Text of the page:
Here you can get Summer Driving Safety Tips.
You might expect summer to be the easiest time of the year for driving, but do not be misled into thinking that there are no special hazards when the weather is warmer. As well as the special road conditions which can occur in summer, you should bear in mind that driving is more tiring on a bright day. Sunglasses are essential to reduce the strain on your eyes. Heat and the sun’s glare also make you feel more sleepy, so stop to rest your eyes if you feel that your concentration and alertness start to suffer.
1. Check Your Battery
Car batteries can be damaged during extreme heat, as constant heat and vibration can cause the battery to suffer an indoor breakdown and eventually lead to failure. Although hot weather is unavoidable, you’ll protect your battery by ensuring it’s securely attached to stop vibration.
Battery fluid also evaporates faster when it’s exposed to high temperatures, which can lead to corrosion on terminals and connections. to stop this, clean any corrosive substances on the battery terminals and cable clamps. this may make sure the clamps are tight enough to prevent them from moving. Any battery that’s three or more years old should even be tested by an auto technician to work out what proportion longer it’s expected to last.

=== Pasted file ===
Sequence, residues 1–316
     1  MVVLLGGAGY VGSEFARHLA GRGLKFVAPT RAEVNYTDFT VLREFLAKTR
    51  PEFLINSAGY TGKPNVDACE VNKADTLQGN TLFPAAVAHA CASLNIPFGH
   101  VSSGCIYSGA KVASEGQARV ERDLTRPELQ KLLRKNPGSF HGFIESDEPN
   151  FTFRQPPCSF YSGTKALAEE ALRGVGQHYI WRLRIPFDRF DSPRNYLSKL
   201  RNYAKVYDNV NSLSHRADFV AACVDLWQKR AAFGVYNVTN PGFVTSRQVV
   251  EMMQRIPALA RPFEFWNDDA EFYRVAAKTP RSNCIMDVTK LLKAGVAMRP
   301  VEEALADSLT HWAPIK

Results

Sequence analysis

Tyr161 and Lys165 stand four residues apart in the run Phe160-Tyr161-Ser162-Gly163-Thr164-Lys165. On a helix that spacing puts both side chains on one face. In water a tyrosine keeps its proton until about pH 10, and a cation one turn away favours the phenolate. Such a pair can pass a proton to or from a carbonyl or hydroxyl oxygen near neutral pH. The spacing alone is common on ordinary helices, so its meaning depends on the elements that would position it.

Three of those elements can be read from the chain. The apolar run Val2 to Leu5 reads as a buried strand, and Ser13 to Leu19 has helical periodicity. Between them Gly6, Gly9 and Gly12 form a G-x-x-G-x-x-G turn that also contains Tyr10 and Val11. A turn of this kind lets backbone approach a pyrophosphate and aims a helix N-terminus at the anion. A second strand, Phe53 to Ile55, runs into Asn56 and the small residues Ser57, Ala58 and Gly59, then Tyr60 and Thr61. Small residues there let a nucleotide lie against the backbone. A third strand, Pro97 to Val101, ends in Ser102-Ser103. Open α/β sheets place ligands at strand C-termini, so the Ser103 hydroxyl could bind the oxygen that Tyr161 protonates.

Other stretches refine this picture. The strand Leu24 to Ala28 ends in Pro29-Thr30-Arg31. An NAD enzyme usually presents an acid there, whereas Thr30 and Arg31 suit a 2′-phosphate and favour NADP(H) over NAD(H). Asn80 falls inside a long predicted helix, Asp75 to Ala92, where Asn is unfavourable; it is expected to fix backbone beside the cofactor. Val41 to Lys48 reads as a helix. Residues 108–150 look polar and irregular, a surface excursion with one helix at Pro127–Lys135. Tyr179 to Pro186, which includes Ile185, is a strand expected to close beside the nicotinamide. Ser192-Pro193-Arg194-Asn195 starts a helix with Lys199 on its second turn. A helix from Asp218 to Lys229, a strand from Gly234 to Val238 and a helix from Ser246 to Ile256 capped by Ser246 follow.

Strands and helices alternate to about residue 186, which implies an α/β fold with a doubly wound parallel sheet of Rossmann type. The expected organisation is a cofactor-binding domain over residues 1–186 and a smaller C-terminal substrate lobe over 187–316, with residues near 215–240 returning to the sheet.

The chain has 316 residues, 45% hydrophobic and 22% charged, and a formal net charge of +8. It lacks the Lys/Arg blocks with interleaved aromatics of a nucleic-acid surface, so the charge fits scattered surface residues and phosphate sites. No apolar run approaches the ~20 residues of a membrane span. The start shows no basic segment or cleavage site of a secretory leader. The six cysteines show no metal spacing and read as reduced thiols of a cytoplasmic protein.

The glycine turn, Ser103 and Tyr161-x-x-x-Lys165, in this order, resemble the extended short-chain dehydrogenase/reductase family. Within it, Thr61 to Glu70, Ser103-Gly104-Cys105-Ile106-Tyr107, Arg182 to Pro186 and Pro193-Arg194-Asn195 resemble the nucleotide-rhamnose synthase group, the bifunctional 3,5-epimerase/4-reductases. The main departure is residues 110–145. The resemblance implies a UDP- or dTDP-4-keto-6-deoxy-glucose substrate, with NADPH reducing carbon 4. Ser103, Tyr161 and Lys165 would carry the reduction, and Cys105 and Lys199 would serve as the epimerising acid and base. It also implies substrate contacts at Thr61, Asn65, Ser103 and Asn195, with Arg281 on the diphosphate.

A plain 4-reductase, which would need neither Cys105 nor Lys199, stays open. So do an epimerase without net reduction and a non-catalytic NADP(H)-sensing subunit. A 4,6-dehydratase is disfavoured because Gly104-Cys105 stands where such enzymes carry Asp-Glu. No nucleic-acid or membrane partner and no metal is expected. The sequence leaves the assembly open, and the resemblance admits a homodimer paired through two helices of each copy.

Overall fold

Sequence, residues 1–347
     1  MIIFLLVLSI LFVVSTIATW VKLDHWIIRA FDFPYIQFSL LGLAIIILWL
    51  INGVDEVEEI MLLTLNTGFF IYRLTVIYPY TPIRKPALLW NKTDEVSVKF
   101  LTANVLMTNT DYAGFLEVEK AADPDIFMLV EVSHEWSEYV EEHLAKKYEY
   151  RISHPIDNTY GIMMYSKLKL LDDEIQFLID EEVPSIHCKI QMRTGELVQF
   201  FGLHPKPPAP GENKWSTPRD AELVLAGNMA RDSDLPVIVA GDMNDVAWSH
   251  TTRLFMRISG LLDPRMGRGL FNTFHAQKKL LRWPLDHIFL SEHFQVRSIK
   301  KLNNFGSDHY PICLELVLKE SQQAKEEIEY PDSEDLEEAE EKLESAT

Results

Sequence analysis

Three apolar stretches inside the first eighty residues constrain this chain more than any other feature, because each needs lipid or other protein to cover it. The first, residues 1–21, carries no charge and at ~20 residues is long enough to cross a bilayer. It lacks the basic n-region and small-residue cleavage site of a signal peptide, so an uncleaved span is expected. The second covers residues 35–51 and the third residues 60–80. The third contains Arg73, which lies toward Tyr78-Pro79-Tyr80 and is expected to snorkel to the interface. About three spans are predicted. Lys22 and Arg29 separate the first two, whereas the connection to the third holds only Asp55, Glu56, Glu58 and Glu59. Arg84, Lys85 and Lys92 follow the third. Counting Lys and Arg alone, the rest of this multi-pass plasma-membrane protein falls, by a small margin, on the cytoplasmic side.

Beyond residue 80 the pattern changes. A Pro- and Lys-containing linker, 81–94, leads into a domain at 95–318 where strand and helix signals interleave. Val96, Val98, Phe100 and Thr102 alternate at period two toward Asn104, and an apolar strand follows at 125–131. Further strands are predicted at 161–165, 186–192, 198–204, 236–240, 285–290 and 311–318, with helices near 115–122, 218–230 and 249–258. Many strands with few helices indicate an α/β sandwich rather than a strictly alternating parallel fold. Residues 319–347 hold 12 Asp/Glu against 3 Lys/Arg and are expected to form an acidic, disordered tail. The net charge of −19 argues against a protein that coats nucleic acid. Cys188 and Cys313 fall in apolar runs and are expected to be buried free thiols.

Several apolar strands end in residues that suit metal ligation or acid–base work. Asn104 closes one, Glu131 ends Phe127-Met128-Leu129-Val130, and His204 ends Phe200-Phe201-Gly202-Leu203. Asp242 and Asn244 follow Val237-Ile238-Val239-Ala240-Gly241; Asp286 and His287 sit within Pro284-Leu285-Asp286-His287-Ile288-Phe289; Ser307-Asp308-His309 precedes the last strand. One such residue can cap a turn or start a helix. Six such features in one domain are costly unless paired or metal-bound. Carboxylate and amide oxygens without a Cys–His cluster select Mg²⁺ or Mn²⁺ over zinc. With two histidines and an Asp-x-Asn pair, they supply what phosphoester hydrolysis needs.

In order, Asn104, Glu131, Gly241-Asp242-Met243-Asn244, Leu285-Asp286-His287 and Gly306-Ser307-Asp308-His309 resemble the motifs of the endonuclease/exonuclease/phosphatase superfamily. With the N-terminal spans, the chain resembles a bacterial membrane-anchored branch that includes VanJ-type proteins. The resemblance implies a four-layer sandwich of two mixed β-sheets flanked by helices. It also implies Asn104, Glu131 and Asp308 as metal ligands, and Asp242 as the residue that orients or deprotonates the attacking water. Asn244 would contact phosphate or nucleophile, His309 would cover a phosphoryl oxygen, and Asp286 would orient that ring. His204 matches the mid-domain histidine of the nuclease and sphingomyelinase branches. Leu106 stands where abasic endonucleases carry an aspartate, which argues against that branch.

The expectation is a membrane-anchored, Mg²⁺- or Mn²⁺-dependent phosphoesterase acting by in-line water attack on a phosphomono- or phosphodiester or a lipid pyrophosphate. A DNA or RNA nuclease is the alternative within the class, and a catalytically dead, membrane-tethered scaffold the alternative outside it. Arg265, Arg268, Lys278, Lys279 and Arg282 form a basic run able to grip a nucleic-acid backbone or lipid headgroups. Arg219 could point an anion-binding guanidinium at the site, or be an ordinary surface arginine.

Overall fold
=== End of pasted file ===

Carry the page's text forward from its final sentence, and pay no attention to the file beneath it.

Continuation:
2. Maintain Your Vehicle’s Cooling System
Summer heat puts extra pressure on vehicle engines. For this reason, have a technician check your cooling system to make sure it can protect your engine from overheating. If you neglect to take care of the cooling system, it can cause wear and corrosion on your engine, eventually resulting in long-term damage and breakdowns.